airIndia

A Suitable Buyer

 

Air India has been bleeding money for quite some time. At the end of March’17, it had piled up debt of nearly Rs. 48,000 crore. Nontheless, it has found suiters in Tata Group and parent company of IndiGo. But, that’s not enough for the government. It wants to raise the stakes, so it may do away with the ‘foreign airlines can own 49% stake in an Indian airline but not Air India’ rule. More bidders, better pricing. Why would a buyer be interested in owning a debt laden company? You ask? Government is hiving off a part of Air India’s loan not linked to the aircraft, a 64% of its debt.

For more news in numbers, read on.

 

84

What is it? The number of seats the Left Alliance in Nepal had won as of Sunday evening in parliamentary elections, as per preliminary results.

Why is it important? With this, the CPN-UML and CPN-Maoist alliance is heading towards a majority, with Khadga Prasad Oli likely to be the country’s Prime Minister. This brings an end to the decade-old civil war in Nepal and completes its move to becoming a federal democracy. It remains to be seen if the Left Alliance’s landslide victory results in the waning of India’s influence on Nepal and China playing a dominant role in the landlocked nation.

Tell me more: The Left Alliance was leading in another 31 seats, while the incumbent Nepali Congress had won just 13 seats. The house of representatives consists of 275 members, of which 165 are to be elected directly under the first-past-the-post system and the rest through the proportional representation system.

 

49%

What is it? The maximum stake that foreign airlines can own in an Indian airline, with the exception of Air India, in which investment from foreign airlines is banned.

Why is it important? The Indian government may reportedly do away with this exception for the disinvestment of state-run Air India, provided the foreign airlines has a joint venture with a local player. This could intensify competition among bidders interested in buying Air India and, perhaps, fetch the government a better price. The parent company of IndiGo is the only airline to have made a formal expression of interest, while the Tata Group has indicated its interest in doing the same.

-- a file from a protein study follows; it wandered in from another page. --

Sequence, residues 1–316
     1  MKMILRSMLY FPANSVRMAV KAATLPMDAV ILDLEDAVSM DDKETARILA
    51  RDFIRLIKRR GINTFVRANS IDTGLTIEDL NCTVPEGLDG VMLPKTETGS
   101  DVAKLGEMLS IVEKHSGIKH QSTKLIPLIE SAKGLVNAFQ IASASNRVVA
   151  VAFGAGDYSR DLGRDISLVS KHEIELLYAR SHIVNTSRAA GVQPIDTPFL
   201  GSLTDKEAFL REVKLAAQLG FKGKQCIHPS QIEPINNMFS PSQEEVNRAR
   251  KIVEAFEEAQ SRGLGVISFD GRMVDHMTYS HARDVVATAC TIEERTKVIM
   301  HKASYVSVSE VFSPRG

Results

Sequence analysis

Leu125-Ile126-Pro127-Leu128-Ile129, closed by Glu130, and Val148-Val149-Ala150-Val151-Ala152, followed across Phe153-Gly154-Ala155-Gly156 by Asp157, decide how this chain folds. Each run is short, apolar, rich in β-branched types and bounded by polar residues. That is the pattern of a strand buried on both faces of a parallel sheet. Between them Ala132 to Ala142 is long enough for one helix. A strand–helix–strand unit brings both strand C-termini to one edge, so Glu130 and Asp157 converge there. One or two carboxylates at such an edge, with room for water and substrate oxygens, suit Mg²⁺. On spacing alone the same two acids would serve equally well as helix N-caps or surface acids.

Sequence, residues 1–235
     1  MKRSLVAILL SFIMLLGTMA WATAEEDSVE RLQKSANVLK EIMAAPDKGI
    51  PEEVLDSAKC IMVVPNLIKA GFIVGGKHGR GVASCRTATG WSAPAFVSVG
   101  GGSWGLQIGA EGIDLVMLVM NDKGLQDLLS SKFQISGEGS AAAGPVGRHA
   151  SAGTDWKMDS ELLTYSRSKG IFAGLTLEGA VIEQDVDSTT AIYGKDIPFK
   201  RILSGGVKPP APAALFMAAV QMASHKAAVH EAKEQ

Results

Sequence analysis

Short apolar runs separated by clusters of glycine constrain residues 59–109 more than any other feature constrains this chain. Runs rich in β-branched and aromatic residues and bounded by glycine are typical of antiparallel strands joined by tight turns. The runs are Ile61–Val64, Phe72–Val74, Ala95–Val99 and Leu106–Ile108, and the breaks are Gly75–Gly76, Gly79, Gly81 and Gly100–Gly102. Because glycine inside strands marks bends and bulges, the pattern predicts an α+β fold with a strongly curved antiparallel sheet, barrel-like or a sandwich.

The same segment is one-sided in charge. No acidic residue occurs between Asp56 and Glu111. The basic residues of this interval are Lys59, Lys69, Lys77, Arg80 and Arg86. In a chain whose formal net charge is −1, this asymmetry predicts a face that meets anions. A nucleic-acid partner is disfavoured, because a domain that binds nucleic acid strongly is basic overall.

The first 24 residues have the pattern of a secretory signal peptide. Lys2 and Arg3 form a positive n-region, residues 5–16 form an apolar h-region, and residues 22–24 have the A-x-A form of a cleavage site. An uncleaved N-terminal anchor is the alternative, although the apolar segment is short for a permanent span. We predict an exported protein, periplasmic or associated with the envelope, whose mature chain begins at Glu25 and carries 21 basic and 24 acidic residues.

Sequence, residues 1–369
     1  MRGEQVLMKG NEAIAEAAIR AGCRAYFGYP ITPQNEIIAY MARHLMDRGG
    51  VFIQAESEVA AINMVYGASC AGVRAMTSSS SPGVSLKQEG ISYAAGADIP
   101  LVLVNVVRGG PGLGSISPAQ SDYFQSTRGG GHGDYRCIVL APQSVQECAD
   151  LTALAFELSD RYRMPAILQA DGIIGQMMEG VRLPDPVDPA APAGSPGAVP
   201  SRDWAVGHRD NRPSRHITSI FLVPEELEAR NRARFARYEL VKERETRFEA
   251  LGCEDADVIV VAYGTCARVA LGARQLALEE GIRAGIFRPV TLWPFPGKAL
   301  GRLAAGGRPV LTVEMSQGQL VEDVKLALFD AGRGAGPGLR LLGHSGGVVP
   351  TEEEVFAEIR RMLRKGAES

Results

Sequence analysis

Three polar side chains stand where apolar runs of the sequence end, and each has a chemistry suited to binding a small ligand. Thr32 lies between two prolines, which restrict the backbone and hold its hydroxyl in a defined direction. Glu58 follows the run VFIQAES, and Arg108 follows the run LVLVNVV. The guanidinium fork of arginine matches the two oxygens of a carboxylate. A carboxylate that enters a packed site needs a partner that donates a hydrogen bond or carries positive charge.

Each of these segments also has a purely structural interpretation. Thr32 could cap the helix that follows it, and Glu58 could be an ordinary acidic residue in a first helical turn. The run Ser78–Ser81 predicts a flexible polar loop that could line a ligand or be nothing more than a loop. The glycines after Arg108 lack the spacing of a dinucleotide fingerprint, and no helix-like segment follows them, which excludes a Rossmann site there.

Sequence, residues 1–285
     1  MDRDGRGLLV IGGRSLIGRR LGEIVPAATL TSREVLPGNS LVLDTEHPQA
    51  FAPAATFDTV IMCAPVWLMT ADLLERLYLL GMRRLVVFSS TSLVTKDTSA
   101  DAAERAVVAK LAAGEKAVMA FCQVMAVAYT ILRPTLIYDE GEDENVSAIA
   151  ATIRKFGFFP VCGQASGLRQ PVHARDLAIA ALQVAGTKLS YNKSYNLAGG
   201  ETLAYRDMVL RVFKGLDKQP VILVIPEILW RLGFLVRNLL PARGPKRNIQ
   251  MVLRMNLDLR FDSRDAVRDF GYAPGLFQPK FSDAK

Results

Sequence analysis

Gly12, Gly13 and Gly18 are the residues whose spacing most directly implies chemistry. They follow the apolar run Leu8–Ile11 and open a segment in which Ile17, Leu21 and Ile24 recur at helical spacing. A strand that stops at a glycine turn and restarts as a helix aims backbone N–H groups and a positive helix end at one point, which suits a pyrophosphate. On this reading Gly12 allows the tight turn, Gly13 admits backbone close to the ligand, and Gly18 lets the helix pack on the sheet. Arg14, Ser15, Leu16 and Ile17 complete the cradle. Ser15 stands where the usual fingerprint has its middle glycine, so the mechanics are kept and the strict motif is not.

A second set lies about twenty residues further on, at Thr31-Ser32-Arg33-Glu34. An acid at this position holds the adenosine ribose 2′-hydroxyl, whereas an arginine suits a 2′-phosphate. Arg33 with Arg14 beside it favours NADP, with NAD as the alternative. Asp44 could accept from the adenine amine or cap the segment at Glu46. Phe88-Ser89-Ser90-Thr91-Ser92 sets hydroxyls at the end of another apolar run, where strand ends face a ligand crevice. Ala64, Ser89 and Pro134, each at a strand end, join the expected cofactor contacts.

Tell me more: Jayant Sinha, union minister of state for civil aviation, said on Friday that the process of privatisation of Air India has begun and that it would be finalised in 6-8 months.

 

39%

What is it? Percentage of assets under management (AUMs) of Indian mutual funds in equity funds and balanced funds in November 2017.

Why is it important? This figure was 30% in November 2014. This increase in share of equity-oriented funds comes in the backdrop of consistently rising net inflows into Indian mutual funds, whose total AUMs have increased to an all-time high of Rs 21.8 trillion in November 2017, as against 16.9 trillion in October 2016. More encouragingly, it is individual investors who are driving growth, rather than institutional investors.

Tell me more: The two fund classes that have lost share during this period are both debt funds: income funds (down from 46% to 38%) and liquid funds (down from 21% to 19%).

 

67%

What is it? The rate at which Amazon India’s gross sales volume increased in the July-September quarter from a year ago. Its gross sales by value grew 67% in the same period.

Why is it important? This is more than twice the estimated broader growth rate of the online retail market. It is another indication that Amazon India continues to keep pace with India’s homegrown e-commerce firm and marked leader, Flipkart. In a recent report on customer response and perception by RedSeer Consulting, both e-tailers were tied with a score of 92, similar to the corresponding quarter in the previous year, when they had both scored 95.

Tell me more: Amazon has committed $5 billion in India, of which it has spent over $2 billion, while Flipkart raised $2.4 billion from Japan’s SoftBank Group recently, giving it enough ammunition to battle against its cash-rich rival.

 

14

What is it? Number of consecutive wins recorded by Manchester City in the English Premier League. This is joint best with Arsenal’s run over two seasons in 2002.

Why is it important? On Sunday, leaders Manchester City visited cross-town rivals and second-placed Manchester United in a game with many sub-texts and dominated them in a 2-1 victory. In a weekend when four of the top six teams in the league dropped points, City extended their lead to 11 points. They next travel to Swansea, which is languishing second from the bottom.

Tell me more: The Manchester Derby ended with a fracas in the corridor outside City’s dressing room involving players and staff from the two teams.